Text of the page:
The problem is, I’m as taken in by catchy trademark names and promises as she is. A sweet alyssum (Lobularia) called “Snow Princess” that blooms non-stop? Bring it. And it’s true — that alyssum is sterile and pushes out flowers through heat and well past frost. But it lacks the delicacy of the seed catalog varieties. (Those might burn out mid-summer, but you can expect their self-sown seeds to germinate and pick up the show as soon as environmentally possible.) The same goes for “Knock Out” roses: They bloom all summer without deadheading! But they’re ungraceful plants and the flowers have no fragrance. Sometimes a rose is not much of a rose.

I figure it’s up to us to show this gal the alternatives and turn the industry on its ear. To persist in buying plants that aren’t in bloom yet but will be when the time is right. To put at least as many Rhody Natives on our cart as Proven Winners. To show everyone that a healthy garden buzzes, hums, lives and dies and is more gorgeous for its process and our hand in it. And that winter days are better spent reading about and ordering rarities and oddities from catalogs than not.

What I didn’t mention in the column – but I will now – was how offensive the marketing exec was. His prime directive was evidently to convince an auditorium full of industry professionals to dumb it down and make it extra shiny. He suggested that nurseries and garden centers should be reconstituted as “Life-Style Centers,” and that plants should be displayed by color rather than alphabetical order because “she” doesn’t speak Latin. But I do and so do you and we open our wallets for plants too. I don’t pretend to know what the answer is. I see nurseries struggling and I know they need to keep reaching out to a broader market. But anywhere my choices are limited to what some marketing dude thinks “she” wants, I’m outie.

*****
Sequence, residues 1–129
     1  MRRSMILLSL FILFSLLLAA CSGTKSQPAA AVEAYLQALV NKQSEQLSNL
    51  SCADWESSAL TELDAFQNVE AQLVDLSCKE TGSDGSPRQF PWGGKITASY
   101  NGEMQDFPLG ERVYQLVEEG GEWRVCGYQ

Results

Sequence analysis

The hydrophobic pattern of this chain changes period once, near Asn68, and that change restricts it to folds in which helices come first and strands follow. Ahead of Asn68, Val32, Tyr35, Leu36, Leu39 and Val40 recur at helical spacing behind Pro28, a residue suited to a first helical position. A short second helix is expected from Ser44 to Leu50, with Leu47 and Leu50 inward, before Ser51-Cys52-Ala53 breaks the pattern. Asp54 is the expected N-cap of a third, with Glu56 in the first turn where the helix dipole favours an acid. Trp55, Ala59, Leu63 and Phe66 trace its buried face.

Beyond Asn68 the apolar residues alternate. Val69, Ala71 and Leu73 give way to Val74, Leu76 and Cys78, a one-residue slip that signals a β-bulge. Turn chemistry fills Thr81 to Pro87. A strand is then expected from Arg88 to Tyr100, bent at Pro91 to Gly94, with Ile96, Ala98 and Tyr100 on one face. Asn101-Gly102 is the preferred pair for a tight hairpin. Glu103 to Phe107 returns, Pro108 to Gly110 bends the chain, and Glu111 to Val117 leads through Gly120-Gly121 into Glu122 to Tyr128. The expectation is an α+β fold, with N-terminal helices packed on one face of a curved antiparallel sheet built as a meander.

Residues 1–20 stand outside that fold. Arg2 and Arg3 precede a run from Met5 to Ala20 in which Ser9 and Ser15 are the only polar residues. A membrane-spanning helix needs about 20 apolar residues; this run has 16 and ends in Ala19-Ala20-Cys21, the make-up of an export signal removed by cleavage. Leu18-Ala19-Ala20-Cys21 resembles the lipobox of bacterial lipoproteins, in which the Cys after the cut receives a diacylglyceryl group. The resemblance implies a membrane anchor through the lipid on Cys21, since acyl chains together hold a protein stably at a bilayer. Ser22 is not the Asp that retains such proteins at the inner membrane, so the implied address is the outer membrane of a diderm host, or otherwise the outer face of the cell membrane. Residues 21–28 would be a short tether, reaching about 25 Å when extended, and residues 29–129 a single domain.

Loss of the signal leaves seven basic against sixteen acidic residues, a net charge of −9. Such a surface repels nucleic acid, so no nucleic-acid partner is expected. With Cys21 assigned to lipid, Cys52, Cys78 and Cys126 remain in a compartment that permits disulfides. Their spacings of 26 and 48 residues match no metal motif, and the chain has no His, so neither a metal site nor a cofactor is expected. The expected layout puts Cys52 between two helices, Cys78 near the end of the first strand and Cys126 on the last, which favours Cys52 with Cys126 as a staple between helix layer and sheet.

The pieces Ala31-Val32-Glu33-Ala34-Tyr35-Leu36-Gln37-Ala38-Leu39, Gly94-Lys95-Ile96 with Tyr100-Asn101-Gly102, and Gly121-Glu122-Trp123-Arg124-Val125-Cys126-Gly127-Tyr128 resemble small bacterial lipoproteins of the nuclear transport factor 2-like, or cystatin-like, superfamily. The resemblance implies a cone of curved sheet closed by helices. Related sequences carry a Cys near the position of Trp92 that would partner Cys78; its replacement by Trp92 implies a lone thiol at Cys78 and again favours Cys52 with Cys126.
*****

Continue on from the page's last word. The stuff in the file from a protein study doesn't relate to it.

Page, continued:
6 thoughts on “Down to earth – on plant marketing

  1. Awesome post.

    Here’s my not-so-humble opinion: I, too, see nurseries struggling and know that they need to reach out to new markets. However, I don’t understand deliberately dumbing-down and “shining” up their products for the “she” that the exec wants to target… at least not to the point where they alienate gardeners like you and me. There has to be a way to make gardening accessible and beginner-friendly, while still providing things like Latin names for those of us who care about that sort of thing.

    Here’s my thought: Instead of condescending, hook “her” with beginner-accessible name tags, and recipes for wowing “her” friends with things like homemade, home-grown pesto, and other gravy type items like that. But keep the meat and pototoes (like Latin names and challenging houseplants) available, so you can feed her when she comes back really hungry.

    As a side note: Since they also are less likely to pay for people who know plants to work at these kinds of places, I’ve seen lots of newbies get BAD advice from employees… and by bad, I mean the kind of advice that’s going to set them up to fail and never want to stick a trowel into the dirt again. Are they not ruining their own business? Regardless, when people ask me (since they know I’m a gardener) for advice on where to go to buy plants, I rarely send them to those places. I just can’t do it.